Friday, February 29, 2008

Core of the Four Resolved?

I think I finally have this discrepancy in the Core of the Four roster figured out. In the comments to the previous post, Joyce relayed Howie Rose's statement that there are 16 players and Al Arbour is the 17th member of the Core. That would be a suitable explanation from Howie if not for the fact that the list of players published by the Islanders includes 17 names. Let's look at that list one more time:

  1. Mike Bossy
  2. Bob Bourne
  3. Clark Gillies
  4. Butch Goring
  5. Lorne Henning
  6. Anders Kallur
  7. Gord Lane
  8. Dave Langevin
  9. Wayne Merrick
  10. Ken Morrow
  11. Bob Nystrom
  12. Stefan Persson
  13. Denis Potvin
  14. Billy Smith
  15. Duane Sutter
  16. John Tonelli
  17. Bryan Trottier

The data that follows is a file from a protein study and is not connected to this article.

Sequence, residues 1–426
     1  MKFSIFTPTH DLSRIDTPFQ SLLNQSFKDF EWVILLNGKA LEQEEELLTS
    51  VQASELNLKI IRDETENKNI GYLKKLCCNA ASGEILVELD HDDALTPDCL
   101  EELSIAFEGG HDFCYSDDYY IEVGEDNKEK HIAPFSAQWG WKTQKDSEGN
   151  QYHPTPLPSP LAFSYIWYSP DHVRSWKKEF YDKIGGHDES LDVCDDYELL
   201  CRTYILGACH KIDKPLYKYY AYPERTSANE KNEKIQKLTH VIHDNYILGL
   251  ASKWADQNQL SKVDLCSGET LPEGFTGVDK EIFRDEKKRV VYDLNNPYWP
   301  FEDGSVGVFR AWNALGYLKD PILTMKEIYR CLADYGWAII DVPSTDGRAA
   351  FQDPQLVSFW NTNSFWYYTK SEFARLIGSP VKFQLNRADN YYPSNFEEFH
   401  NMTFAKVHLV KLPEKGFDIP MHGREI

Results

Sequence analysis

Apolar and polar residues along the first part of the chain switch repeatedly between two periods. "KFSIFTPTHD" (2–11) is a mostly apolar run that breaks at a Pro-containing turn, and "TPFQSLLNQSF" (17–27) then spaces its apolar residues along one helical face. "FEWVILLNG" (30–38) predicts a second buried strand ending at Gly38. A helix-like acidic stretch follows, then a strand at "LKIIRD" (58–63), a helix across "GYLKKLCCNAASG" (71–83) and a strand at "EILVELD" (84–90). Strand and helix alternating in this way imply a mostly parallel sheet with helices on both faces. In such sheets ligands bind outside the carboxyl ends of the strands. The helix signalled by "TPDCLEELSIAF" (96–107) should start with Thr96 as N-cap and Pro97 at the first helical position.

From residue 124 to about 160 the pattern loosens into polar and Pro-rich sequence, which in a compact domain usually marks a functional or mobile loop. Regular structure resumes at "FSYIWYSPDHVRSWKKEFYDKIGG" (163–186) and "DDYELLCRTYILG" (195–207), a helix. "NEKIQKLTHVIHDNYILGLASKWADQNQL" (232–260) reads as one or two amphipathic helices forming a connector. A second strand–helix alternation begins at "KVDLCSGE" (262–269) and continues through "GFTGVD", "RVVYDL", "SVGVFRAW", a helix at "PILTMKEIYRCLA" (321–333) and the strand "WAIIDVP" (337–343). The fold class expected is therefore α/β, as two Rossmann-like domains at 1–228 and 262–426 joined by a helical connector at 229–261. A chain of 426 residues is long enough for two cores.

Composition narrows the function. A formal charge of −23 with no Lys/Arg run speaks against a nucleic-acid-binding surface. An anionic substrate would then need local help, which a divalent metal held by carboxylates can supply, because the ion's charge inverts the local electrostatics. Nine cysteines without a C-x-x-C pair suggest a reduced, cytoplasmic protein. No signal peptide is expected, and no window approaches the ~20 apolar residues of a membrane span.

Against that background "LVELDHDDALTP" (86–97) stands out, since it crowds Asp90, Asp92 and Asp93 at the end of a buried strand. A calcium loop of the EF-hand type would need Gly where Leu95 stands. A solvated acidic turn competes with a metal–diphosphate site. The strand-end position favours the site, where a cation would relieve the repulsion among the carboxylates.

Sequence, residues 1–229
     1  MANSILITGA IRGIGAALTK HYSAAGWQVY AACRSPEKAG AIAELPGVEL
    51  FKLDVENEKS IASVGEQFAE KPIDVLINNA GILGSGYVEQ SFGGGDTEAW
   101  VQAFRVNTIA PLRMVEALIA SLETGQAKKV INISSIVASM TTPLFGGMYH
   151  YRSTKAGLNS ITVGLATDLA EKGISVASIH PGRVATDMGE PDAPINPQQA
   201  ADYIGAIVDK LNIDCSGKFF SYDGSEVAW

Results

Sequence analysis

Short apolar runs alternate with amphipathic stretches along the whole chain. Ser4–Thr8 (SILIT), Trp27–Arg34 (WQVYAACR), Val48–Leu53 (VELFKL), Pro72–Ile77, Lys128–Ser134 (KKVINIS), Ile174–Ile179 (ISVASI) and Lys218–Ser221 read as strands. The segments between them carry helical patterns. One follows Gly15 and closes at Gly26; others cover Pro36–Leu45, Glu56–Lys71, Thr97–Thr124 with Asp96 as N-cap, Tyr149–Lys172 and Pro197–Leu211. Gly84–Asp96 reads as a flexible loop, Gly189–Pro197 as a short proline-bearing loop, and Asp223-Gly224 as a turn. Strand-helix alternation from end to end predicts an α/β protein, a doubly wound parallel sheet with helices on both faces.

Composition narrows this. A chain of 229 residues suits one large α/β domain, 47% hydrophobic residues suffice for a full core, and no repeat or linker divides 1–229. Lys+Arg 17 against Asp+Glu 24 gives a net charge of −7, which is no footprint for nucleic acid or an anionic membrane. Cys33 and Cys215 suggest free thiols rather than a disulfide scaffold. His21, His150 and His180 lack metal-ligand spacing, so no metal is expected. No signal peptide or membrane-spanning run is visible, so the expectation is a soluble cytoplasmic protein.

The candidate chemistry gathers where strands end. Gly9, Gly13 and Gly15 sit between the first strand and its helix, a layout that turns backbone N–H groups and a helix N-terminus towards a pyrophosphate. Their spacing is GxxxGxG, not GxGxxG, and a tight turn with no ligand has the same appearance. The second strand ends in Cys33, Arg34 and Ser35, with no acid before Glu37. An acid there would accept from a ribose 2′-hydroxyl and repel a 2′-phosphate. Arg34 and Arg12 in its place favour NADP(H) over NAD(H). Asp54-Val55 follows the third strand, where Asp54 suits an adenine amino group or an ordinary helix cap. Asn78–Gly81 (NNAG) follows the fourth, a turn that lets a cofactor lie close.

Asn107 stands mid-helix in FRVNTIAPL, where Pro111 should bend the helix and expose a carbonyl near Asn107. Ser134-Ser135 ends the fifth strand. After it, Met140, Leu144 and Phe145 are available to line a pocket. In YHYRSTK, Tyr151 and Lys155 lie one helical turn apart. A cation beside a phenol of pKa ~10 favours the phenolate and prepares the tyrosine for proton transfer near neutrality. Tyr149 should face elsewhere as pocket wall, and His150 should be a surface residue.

The confusion must come from the fact that one name on that list was with the team for all four cups, but was only a player for two of them. Ladies and gentlemen, I give you Lorne Henning, who stepped behind the bench as an assistant to Al Arbour starting with the 1981-82 season. Two cups as a player, two cups as a coach.

Again, the point of this was never to catch anyone in a mistake. Mostly, I just wanted to get the facts correct when I posted about it, and hearing the number flip-flop between 16 and 17 was unnerving. Perhaps I also erred in my interpretation of the list. It starts off with Bill Torrey and Al Arbour, so I assumed the remainder of the list to be players. In fact, it may have started off with just Bill Torrey, and then listed everyone else in alphabetical order, including Arbour and Henning.

And while we're tidying up, nice job by Greg Logan using his blog to clarify Ted Nolan's comments about Rick DiPietro's condition. It's one of the benefits of new media that situations like that can be set straight so quickly and easily. Thanks to NYIsles1 for getting the story of DiPietro's loss into the comments here so quickly, and best wishes to the DiPietro family...